Bored of her household chores and with an urge to learn something new, it was in March last year that Shruti Todankar, 33, from Kalinje, a village in Raigad district of Maharashtra, decided to join a “Mangrove” training programme with 25-30 other villagers. Until then, Todankar had joined the programme for two reasons — to enjoy the two hours of break from household work and find out if the training was really her cup of tea.
But six months later, Todankar, is part of a four women team leading the “Kalinje Ecotourism group”, taking tourists to see the mangroves and explain to them their and their importance. Todankar, who never studied English, boasts, “I know the botanical names of 11 types of mangroves in English, how to spot them, and explain their features and importance”. She and her team members still dedicate two hours daily to revise what they know and learn more about Mangroves in the area.
Kalinje Ecotourism is a part of a community-based conservation initiative taken up by the Mangrove and Marine Biodiversity Conservation Foundation of Maharashtra Forest Department for the upliftment of local communities and promotion of mangrove and marine biodiversity conservation. After training daily for six months at village mangrove sites — Harihareshwar and Shrivardhan beaches — on December 6, the team led 130 tourists from Mumbai on a Mangrove trail.
While around 30 villagers showed interest and took the initial training, 10 have become part of the tourism circuit. The first four women lead the mangrove trail, bird watching, traditional fishing. Two men received training from the National Institute of Oceanography in Goa for Mangrove kayaking and the remaining four take tourists on a boat safari.
Sandesh Ambhore, one of the trainers from the Foundation, said, “The idea from the beginning was to make the locals aware of the biodiversity in the village and its importance. We now have a strong team of 10 which is getting other villagers involved in the cause”. In a bid to understand the village, villagers and the lifestyle, Ambhore now lives as a paying guest in the village.
With a population of 800-900, like in the rest of the Konkan belt, Kalinje too is struggling with the problem of younger generation migrating to cities (especially Mumbai) in search of employment. After realising this, the Mangrove Foundation is also promoting the ecotourism project as an employment generation scheme. For every trail like bird watching, a traditional fishing tour cost ranges between Rs 100 and Rs 250, depending on the group size and activities included, which is directly earned by the team. In a bid to tap into more tourists and involve villagers as well, the Mangrove cell started a village home-stay for Rs 500 per night per person. It also started serving local food delicacies with unlimited serving of veg and non-veg food for Rs 125 and Rs 175, respectively.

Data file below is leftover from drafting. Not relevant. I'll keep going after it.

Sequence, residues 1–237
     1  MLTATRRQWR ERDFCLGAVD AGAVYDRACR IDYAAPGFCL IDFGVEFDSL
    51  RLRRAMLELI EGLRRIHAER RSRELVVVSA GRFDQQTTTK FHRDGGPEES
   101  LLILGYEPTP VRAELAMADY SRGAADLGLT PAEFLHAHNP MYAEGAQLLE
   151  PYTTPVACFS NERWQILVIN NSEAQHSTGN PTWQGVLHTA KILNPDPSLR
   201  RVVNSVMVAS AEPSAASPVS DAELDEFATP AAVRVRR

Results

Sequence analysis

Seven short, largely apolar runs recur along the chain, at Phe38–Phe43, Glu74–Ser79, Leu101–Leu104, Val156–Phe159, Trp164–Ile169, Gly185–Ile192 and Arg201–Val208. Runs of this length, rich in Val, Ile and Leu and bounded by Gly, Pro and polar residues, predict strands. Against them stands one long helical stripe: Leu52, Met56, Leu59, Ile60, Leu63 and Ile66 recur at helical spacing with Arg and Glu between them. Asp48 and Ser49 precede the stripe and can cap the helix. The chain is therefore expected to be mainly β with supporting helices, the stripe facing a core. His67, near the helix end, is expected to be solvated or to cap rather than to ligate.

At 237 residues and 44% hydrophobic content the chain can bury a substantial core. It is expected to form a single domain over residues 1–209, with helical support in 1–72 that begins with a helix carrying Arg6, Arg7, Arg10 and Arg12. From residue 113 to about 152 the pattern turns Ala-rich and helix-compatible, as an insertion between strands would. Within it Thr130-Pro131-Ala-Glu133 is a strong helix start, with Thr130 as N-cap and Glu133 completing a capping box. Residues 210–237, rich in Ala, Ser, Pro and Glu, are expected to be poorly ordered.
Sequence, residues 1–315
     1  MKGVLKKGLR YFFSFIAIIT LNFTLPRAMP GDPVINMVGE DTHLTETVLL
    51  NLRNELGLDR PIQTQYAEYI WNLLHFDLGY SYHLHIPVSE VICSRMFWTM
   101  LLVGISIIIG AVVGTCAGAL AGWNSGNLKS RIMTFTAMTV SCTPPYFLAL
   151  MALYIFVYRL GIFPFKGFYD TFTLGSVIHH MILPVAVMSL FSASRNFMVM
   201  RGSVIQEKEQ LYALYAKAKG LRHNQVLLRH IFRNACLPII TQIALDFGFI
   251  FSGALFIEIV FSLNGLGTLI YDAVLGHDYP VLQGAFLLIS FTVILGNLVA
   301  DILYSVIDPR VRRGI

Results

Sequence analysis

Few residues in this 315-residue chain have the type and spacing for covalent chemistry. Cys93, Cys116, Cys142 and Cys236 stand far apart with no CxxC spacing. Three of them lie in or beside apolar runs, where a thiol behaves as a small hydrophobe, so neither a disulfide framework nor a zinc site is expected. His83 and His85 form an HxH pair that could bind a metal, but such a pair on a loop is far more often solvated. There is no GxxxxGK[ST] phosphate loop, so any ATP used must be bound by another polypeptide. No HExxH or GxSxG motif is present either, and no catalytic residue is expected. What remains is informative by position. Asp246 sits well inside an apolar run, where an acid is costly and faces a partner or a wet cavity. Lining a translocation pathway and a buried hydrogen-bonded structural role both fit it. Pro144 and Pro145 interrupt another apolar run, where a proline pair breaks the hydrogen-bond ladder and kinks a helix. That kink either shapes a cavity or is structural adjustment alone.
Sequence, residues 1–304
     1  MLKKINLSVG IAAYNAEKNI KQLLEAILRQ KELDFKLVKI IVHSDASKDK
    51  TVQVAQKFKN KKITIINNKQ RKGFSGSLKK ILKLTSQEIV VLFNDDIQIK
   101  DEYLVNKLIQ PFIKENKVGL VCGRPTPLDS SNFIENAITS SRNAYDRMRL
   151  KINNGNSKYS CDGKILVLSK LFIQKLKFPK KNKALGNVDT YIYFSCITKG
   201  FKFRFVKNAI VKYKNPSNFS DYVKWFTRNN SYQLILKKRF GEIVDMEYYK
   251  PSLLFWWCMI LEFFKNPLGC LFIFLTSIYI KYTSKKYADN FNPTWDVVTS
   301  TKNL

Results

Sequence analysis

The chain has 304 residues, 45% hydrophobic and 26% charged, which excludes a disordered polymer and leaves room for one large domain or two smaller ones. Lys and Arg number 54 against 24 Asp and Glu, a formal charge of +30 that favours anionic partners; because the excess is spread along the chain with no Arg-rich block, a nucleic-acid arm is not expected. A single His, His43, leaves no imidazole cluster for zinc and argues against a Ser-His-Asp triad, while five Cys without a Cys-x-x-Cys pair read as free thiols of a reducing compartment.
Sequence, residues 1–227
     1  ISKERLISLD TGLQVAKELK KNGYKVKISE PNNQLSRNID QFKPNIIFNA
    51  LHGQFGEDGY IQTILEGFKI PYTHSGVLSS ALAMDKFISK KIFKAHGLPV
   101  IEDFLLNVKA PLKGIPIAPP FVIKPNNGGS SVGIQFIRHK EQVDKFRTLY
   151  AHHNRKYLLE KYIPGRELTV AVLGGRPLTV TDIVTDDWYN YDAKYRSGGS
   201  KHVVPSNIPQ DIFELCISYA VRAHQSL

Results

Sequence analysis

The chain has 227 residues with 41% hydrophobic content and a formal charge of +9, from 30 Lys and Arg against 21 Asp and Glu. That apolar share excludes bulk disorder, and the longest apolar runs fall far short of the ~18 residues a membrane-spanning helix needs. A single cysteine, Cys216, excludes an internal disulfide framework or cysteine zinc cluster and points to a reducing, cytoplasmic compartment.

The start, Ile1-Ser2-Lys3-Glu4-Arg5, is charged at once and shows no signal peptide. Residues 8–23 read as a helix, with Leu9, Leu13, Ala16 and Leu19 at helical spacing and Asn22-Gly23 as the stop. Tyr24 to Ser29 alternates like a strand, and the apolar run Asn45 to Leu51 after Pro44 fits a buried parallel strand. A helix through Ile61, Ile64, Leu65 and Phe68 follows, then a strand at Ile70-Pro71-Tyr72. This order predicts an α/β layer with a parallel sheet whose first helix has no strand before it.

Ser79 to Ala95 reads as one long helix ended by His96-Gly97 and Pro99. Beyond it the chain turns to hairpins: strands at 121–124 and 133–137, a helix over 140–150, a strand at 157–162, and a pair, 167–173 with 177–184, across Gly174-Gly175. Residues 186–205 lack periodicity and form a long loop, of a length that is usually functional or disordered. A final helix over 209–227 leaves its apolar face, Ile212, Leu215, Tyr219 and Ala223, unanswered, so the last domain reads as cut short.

How the move created jobs
Kalinje was like any other village in Maharashtra's Konkan belt: a population of less than a thousand, with most of the young having migrated for work. What started as a move to raise awareness among predominantly elderly women of the village about marine ecology has now turned into a great employment opportunity, thanks to ecotourism (home-stays, walks, meals etc.) taking off.
Ambhore said “Many villagers have bigger houses and spare rooms, which they are willing to provide for home-stay. Many villagers have shown interest in opening up their houses for home-stay. At present, they are waiting to see the initial response”. The Foundation has planned and trained villagers for 12 activities which include a visit to a turtle hatchery and roosting sites of the white-rumped vulture, the white-bellied sea eagle.
However, the women involved in the venture said that money was never an attraction. “I have only studied till 4th standard. I didn’t have any prior knowledge of mangroves or the historical places in our village. I wanted to learn something new, be active and continue to work. After retirement, I had no active work, which was depressing. This mangrove tour is not only helping me but also contributing to the local economy,” said 70-year old Shanta Jadhav, who was an Anganwadi worker before working as a guide for the Foundation.
The Mangrove Foundation has plans to extend the initiative to other coastal cities in the state. The next site to be developed under the project is Anjarle in Dapoli, which will have turtle nesting tours, Songaon in Ratnagiri, boat safari in Sindhudurg district and Divegar.
Neenu Somraj, Deputy Conservator of Forests, Mangrove Cell, said, “These places were selected according to its habitat, sizes of the mangrove patches. The creeks should be wide and clean for a boat safari and other activities. Another important factor is the proximity to a tourist location”.
In addition, the state is in the process of developing an eco-tourism circuit connecting nearly 350 locations to a common grid for providing better facilities and development of popular destinations in the state. “We will start with the boat safari in Kalinje next. We will introduce all the activities slowly based on the success (of the existing initiative),” said Ambhore.
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